How Mbokaja Poty works
Most members of the Board of Directors are female engineers who volunteer their time out of love and passion for the cause. In total, there are 20 women in charge of training the rest of the members of the association. "If other women want to join, they can do so, as long as they respect the internal rules, which promote discipline, among other things. We have a set of social values, and little tolerance for unpunctuality."
We have seen instances of women who come to Mbokaja Poty for paid consulting projects that last a short time, but who decide to remain part of the community once the contract is complete. "Here there is no competition, here we all seek to contribute our part," Norma Orué, one of the SNPP consultants who sees herself as a member of Mbokaja Poty, tells us.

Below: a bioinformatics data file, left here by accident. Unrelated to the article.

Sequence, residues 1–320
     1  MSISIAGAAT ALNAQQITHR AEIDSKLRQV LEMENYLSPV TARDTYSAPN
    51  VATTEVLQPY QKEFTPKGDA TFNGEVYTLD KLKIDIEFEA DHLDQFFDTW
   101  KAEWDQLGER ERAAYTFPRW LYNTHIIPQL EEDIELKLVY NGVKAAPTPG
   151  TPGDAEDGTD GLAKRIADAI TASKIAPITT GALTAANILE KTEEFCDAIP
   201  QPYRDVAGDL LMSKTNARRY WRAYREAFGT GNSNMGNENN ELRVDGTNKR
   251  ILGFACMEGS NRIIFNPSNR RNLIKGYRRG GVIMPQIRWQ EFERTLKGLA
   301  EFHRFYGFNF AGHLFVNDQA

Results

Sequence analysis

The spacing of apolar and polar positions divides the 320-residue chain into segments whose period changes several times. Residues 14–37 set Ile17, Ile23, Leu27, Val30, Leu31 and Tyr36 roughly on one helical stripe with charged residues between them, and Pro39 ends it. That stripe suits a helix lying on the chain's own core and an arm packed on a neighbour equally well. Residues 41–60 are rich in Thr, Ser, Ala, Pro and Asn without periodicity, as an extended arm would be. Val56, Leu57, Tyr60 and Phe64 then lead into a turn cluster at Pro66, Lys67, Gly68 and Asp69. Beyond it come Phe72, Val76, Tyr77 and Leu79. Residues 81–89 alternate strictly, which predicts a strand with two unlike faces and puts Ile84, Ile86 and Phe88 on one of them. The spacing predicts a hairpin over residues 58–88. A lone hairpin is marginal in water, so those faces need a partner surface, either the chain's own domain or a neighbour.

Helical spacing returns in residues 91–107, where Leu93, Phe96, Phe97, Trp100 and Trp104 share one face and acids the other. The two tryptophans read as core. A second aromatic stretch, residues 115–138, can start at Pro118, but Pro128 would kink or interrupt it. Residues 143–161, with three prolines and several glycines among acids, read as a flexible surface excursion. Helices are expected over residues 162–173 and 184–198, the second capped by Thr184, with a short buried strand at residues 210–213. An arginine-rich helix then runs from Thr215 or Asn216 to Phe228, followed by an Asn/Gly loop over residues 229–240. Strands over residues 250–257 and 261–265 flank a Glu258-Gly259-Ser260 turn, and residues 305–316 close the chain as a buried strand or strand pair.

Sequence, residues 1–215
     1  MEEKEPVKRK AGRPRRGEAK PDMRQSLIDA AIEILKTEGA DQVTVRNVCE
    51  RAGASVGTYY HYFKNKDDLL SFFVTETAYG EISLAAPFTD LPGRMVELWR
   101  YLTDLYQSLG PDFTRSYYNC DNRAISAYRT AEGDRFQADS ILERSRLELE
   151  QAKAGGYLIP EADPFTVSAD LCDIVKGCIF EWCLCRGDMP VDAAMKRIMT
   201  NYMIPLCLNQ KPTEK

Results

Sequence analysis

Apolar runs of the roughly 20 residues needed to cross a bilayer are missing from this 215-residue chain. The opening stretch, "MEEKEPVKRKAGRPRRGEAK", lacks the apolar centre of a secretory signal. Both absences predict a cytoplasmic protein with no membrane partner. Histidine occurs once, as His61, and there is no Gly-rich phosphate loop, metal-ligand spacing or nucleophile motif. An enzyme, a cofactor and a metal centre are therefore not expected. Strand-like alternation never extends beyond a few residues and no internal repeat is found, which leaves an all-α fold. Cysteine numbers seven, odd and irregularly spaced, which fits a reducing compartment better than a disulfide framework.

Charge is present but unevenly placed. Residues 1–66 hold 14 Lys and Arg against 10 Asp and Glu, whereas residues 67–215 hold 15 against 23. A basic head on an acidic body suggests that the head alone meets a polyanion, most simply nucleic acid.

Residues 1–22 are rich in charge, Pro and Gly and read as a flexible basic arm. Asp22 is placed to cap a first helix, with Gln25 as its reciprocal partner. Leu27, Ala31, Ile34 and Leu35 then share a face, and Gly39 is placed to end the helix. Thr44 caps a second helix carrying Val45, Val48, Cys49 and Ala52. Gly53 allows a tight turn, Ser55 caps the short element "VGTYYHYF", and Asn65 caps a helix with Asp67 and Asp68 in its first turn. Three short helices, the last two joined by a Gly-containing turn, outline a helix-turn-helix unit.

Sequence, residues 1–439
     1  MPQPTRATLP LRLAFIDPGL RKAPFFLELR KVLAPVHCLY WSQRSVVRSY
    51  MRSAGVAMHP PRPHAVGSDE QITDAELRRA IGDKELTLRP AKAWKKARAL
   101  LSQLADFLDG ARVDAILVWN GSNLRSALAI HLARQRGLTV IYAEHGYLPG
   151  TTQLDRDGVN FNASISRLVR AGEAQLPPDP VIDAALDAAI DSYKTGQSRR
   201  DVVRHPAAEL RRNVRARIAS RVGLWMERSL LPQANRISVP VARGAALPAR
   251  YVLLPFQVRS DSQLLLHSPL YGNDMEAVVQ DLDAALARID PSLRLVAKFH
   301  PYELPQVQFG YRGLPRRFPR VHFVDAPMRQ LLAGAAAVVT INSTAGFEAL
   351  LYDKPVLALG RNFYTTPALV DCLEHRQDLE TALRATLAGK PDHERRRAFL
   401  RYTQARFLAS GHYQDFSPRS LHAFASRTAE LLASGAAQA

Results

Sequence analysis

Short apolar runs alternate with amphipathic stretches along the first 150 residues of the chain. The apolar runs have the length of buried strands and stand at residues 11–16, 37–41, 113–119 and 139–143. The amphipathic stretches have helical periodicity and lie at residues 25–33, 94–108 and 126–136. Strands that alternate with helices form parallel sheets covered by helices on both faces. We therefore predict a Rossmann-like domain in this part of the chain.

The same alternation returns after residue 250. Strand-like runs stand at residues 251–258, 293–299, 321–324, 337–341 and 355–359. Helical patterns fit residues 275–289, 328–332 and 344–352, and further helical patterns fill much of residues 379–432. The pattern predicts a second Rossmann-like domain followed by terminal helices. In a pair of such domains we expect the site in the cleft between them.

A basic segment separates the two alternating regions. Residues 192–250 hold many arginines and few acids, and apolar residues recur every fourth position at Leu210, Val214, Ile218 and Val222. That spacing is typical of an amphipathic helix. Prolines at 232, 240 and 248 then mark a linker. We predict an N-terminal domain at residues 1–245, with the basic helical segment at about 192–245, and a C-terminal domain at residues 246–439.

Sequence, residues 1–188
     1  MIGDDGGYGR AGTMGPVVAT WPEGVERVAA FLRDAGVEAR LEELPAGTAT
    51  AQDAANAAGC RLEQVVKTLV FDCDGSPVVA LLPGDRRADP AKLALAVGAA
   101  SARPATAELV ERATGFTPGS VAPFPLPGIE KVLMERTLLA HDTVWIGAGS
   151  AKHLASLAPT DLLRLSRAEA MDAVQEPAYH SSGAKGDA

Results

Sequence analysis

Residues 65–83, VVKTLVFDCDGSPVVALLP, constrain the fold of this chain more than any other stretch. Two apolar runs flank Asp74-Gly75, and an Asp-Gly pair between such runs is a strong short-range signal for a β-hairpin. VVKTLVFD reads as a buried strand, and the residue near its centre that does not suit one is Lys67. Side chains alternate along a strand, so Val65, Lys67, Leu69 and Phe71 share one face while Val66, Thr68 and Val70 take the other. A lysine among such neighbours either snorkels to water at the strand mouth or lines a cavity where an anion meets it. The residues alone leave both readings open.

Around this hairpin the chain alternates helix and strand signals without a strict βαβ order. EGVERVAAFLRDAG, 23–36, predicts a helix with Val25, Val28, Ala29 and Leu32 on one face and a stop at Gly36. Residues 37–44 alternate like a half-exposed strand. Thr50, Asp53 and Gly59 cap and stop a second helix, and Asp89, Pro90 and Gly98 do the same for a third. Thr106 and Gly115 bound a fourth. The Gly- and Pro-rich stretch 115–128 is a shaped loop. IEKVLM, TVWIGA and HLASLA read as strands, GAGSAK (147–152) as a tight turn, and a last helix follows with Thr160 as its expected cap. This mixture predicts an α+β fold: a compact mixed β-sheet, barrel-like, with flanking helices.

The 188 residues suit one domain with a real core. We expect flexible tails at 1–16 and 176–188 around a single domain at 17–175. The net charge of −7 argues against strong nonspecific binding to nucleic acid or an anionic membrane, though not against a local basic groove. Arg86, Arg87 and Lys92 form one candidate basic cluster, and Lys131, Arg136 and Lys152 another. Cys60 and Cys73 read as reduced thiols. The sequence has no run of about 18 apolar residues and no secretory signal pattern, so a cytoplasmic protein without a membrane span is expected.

Intersectionality and Community Impact
The formula of a small committee operating within a larger association is a common pattern that we see repeated in Paraguay. For Mbokaja Poty, this model has contributed to cross-sectoral partnerships with several institutions, including the Municipality, the Yacyretá Binational Hydroelectric Authority (EBY), the Ministry of Agriculture and Livestock (MAG) and the National Service for Professional Development (SNPP). These partnerships ensure better terms and opportunities on a sustained basis, which ultimately translates into greater committee participation.